Covid-19 Vaccine: How Pfizer’s Unusual Approach Works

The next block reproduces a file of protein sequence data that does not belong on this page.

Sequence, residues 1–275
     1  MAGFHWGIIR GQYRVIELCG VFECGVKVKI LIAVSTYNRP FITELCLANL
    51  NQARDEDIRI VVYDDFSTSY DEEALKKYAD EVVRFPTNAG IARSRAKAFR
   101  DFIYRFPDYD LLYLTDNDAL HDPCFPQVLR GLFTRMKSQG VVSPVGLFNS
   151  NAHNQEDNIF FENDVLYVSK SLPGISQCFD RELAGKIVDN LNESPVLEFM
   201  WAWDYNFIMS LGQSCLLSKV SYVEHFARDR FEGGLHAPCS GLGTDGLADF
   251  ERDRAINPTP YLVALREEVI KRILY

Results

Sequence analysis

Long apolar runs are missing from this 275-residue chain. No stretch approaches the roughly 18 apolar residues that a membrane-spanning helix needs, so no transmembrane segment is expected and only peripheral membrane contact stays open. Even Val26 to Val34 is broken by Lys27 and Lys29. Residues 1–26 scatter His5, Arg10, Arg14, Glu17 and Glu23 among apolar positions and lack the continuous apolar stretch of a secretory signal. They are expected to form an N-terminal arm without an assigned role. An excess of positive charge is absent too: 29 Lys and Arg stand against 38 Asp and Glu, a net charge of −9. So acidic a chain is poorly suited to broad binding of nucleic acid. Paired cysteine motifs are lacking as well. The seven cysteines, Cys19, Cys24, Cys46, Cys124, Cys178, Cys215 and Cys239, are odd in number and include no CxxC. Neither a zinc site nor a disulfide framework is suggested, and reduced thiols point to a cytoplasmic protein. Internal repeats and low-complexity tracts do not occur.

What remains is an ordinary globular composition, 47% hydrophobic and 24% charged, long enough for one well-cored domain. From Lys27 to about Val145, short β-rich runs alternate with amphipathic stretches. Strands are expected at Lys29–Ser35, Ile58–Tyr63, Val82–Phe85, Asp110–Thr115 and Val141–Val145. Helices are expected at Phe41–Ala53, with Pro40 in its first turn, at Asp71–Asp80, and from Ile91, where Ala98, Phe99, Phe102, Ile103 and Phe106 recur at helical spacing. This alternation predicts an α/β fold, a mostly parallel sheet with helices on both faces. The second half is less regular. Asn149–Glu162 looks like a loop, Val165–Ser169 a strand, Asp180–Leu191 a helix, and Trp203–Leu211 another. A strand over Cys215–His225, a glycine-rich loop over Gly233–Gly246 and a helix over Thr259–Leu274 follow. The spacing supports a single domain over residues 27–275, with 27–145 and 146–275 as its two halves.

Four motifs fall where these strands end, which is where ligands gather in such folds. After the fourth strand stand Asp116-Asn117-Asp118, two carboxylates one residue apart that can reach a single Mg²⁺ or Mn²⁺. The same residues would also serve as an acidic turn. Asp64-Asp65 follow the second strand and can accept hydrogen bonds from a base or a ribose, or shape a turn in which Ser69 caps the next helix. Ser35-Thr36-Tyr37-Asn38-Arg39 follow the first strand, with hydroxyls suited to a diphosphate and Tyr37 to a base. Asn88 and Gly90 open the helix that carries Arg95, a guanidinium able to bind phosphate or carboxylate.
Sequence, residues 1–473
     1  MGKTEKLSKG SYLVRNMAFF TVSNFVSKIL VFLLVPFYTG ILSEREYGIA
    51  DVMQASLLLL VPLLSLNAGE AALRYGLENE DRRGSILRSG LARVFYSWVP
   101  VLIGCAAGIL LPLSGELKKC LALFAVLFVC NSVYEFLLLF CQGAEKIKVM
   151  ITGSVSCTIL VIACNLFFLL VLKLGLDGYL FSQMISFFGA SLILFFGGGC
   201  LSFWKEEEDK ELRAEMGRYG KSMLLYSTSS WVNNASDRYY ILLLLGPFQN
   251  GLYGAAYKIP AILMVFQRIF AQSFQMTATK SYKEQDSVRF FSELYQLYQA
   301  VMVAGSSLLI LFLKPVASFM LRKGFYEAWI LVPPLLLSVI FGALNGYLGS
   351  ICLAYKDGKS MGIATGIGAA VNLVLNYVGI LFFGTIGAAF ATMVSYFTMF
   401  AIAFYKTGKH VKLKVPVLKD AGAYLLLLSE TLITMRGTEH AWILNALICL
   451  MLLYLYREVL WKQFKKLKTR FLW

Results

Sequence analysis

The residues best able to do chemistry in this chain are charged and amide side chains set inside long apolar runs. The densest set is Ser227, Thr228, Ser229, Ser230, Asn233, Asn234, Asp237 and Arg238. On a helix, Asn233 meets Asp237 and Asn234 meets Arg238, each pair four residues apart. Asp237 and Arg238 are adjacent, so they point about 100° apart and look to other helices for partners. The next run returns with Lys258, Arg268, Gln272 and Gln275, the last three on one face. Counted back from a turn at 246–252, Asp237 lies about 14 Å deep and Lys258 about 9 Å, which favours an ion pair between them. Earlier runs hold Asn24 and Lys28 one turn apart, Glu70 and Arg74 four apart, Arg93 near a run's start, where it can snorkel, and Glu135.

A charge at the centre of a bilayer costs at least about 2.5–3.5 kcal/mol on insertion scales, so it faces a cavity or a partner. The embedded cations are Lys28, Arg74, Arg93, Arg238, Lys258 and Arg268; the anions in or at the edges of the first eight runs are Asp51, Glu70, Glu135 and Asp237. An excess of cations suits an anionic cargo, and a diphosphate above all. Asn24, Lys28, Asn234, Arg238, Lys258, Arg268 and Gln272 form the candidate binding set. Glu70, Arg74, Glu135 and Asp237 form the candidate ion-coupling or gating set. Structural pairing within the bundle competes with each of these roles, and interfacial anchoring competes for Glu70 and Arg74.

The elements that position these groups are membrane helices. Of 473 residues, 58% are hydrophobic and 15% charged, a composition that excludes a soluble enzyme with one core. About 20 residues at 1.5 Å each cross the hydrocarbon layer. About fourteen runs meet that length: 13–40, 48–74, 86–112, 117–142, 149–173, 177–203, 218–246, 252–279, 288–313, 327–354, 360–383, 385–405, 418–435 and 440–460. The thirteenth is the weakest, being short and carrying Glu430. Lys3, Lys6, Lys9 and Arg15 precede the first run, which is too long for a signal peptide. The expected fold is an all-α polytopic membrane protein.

The announcement that the Pfizer / BioNTech vaccine seems to be offering 90% efficacy in preventing new coronavirus infection went around the world on Monday and was hailed by governments as a milestone in the fight against the current pandemic. BNT162b2, is the first to show such encouraging results – although Phase 3 clinical trials have not yet been completed. Thanks to large investments from the US and other countries, Pfizer began mass production of the vaccine before it was even confirmed safe and effective. The European Union has thus secured 200 million doses, which is enough to vaccinate 100 million Europeans. But beyond the emerging first, BNT162b2 is special for another reason: it will probably be the first RNA vaccine approved. for human use. So let’s see how this relatively new technology works. Genetic instructionsAll Vaccines are designed to train the immune system to produce antibodies that attack specific molecular portions of a virus or microbe. Target molecules are called antigens. Unlike conventional vaccines, which contain parts of the pathogen itself, the Pfizer / BioNtech vaccine does not contain any antigens. It contains only mRNA molecules (messenger RNA) in which instructions for the synthesis of proteins that function as antigens. Vaccination essentially forces human cells to produce SARS-CoV-2 coronavirus proteins, which are then recognized by the immune system to make antibodies. The mRNA is introduced into the human body packaged in protective vesicles called “lipid” vesicles. It then enters the cells and translates in the same way that any other gene translates to produce the corresponding protein. BioNTech, based in Mainz, Germany, was founded in 2008 with the ambition to develop anti-cancer immunotherapies based on mRNA technology. Such treatments have not yet been approved, but the Covid-19 pneumonia pandemic has opened up new perspectives for the small German company. A great advantage of RNA vaccines is that they do not require pathogen culture and antigen isolation, which significantly speeds up the process. Theoretically, an RNA vaccine designed for a disease can be easily modified to prevent a different, unrelated infection: all that is needed is the synthesis of a new mRNA molecule with instructions for the synthesis of a new antigen. This advantage allowed BioNTech to develop a total of 20 candidate vaccines for Covid-19, four of which are being tested in clinical trials. To date, RNA technology has only been used for veterinary vaccines. The major drawback The BioNTech approach has allowed the development of candidate vaccines in record time, but it also has a significant drawback. RNA molecules are sensitive and the vaccine must be kept frozen at -80 degrees Celsius from factory to use. Freezers that reach such low temperatures are rare in developing countries and even in some developed ones. In Germany, the government plans to set up vaccination centers with deep-frozen equipment for the first round of vaccinations. However, BioNtech CEO Ugur Sahin has stated that his company is considering whether the vaccine can be stored for up to five days at 4 p.m. degrees Celsius, which would greatly simplify mass vaccination. Follow it on Google News and be the first to know all the news See all the latest News from Greece and the World, at



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